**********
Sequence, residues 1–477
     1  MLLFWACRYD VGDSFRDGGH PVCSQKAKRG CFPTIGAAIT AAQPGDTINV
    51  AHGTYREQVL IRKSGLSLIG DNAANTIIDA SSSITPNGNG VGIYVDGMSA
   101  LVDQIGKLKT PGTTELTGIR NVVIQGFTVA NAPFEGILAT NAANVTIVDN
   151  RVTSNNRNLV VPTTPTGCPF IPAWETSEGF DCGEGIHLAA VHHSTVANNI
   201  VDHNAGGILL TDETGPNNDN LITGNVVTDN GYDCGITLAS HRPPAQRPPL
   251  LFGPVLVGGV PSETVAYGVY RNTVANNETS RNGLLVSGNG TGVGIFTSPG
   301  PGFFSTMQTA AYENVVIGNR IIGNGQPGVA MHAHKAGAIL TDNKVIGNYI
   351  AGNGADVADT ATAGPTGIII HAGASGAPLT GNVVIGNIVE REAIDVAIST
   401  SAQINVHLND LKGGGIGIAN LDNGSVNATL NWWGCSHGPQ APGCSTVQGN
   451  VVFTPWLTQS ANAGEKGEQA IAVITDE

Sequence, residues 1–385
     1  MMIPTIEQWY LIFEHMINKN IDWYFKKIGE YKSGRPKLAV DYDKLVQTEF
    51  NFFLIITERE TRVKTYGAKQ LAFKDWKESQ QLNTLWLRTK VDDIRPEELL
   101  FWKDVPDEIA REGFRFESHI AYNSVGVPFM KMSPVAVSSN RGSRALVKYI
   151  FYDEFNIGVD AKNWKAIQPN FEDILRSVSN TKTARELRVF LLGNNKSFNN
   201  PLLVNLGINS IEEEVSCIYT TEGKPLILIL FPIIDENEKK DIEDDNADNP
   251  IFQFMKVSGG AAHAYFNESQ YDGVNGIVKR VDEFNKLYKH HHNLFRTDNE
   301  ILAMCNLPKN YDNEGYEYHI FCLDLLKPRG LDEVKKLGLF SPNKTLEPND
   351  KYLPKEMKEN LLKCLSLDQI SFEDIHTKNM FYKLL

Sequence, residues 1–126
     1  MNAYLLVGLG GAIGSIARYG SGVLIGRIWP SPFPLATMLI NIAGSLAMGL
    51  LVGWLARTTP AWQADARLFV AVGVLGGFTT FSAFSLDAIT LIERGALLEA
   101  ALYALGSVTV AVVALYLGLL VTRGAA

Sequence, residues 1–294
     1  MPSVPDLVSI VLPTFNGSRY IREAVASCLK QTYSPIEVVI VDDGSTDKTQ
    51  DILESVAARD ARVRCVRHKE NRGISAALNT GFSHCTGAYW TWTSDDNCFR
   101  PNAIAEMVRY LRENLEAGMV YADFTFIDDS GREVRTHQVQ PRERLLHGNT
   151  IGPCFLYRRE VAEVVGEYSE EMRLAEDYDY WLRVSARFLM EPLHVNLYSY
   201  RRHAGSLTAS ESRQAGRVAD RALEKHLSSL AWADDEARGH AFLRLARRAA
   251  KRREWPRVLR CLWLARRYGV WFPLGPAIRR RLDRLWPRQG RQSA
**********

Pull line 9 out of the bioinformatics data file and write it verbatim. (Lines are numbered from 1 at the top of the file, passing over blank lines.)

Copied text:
   351  AGNGADVADT ATAGPTGIII HAGASGAPLT GNVVIGNIVE REAIDVAIST